Crazy shit. I couldn’t stand because whenever my feet touch the floor, that jolt of pain goes up my back.
I found myself on the bed for at least 2 days, and when it was finally bearable, we visited a doctor and I was advised to take an MRI.
Thankfully, nothing was wrong.
<IMAGES OF MRI>
My lifestyle (sitting 7 to 8 hours a day) just made my back really weak. I was advised to go to the rehab gym in Perpetual Succor Hospital to get conditioned.
I did, and have been going to the gym as consistently as I can for the last 3-4 months.
One of the things I realized is that living a healthy life is fucking expensive.
Quick thought: it’s undeniably expensive to live healthy
— Reinart Bacalso (@ReinartBacalso) November 9, 2017
From paying for a gym membership, or buying equipment to workout at home, or even eating healthy food – it’s expensive.
People argue and say:
“Reinart you can always workout without equipment or go to the market, find healthy ingredients, and cook your own healthy food.”
Yes, that’s true. But you see, “expensive” isn’t just about monetary loss. It includes your expense of time.
Cooking your own food, working out without equipment or guidance from a physical therapist in a gym/rehab clinic – these paths are doable, but will take you longer than the other route.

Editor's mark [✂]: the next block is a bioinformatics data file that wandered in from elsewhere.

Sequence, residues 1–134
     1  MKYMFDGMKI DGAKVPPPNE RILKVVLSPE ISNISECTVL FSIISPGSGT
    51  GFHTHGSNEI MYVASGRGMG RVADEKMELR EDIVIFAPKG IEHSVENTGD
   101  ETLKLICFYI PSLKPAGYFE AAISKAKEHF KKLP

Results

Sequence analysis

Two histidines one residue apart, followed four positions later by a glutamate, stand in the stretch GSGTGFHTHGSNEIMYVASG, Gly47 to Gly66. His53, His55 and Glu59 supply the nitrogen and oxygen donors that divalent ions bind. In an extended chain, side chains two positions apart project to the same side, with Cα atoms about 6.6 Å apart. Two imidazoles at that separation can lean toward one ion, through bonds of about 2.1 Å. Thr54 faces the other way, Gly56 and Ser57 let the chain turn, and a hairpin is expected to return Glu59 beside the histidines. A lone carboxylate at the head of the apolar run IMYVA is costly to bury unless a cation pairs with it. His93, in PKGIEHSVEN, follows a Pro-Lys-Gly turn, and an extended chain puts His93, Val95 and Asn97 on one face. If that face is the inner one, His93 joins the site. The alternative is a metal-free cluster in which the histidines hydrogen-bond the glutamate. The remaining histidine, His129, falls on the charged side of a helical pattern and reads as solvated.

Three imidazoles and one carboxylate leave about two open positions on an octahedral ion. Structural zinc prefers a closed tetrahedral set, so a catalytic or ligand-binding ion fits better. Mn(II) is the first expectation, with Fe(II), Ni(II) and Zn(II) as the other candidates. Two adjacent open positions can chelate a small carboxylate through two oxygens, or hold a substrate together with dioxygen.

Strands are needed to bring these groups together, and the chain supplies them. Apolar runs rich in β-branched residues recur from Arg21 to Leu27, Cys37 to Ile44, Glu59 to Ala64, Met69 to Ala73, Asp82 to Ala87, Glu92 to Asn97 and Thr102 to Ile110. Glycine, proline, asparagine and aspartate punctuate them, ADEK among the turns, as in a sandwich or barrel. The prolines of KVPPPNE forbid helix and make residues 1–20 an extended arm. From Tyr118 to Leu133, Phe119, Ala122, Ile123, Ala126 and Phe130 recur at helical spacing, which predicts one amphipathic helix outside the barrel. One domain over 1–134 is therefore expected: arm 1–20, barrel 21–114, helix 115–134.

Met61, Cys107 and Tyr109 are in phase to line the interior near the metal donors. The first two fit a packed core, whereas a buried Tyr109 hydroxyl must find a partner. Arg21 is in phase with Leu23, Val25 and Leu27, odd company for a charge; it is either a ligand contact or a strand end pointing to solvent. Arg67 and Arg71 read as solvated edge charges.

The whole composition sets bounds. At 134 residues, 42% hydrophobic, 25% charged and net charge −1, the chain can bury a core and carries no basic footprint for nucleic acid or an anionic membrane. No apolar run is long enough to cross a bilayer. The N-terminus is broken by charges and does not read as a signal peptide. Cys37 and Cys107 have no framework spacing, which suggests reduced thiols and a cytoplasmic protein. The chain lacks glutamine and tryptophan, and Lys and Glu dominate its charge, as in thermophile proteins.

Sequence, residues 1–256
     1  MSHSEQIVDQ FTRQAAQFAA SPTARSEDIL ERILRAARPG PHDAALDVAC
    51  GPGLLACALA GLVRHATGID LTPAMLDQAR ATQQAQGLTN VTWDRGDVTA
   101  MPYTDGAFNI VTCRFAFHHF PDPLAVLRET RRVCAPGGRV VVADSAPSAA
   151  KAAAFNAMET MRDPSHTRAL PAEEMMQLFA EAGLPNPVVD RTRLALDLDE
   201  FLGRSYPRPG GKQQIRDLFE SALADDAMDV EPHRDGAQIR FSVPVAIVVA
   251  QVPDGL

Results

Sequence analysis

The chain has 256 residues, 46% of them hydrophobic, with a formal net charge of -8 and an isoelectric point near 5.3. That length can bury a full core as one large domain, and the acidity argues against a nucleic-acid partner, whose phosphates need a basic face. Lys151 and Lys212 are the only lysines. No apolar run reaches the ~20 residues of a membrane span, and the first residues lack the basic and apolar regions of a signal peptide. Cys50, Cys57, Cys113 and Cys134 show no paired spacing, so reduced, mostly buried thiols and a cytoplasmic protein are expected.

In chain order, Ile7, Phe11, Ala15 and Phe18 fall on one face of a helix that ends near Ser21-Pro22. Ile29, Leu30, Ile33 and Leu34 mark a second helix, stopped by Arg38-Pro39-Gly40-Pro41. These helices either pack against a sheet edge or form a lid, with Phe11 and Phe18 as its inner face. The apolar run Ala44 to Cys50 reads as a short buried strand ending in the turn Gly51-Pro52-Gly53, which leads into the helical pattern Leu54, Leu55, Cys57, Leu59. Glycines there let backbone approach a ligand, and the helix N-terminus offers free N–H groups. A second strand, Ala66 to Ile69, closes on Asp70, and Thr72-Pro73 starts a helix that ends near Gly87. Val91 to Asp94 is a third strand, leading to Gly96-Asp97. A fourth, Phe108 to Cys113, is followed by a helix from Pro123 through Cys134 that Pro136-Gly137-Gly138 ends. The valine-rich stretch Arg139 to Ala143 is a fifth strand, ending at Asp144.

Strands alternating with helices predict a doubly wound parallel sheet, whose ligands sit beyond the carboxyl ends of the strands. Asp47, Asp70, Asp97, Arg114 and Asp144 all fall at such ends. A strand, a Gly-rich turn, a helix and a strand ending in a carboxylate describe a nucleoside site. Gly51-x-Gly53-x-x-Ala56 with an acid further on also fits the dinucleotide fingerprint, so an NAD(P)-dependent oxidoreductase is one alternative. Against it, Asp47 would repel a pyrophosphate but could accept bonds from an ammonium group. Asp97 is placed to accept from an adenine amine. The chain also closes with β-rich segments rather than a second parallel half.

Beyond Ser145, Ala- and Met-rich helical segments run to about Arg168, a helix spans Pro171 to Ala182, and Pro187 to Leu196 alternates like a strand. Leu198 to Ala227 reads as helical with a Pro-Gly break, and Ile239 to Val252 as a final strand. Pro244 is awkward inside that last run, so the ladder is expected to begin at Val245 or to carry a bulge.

With all the work I’ve done this year, I’m grateful to be able to say that I’m in a good place financially. Nothing amazing, but enough to sustain the lifestyle (a healthy one) I want to live.
Books, Books, and More Books.
Part of that lifestyle is one that includes a LOT of reading.
I love reading. In the past, there were always too many books that I liked that my wallet could handle.
This year, that changed. I spent exactly ₱18,467.49 on books and ₱26,986.46 on online courses/education this year.
But, they’re all just sitting there.
That’s the ironic thing about it.
My work has helped me acquire as many books my heart desires, but I had almost no time to read any of them.
I probably read less than 3-4 books out of 15+ I got this year, and none of the courses I got have been completed.
I tried to commit to it mid-way through the year, but failed.
✅ New Goals ✅
⭕️ Read 1 book a week.
⭕️ Make a book review every 2 weeks.
⭕️ Do a book giveaway every month.
Halfway through this one! 👍 pic.twitter.com/Ki8L4S6A9B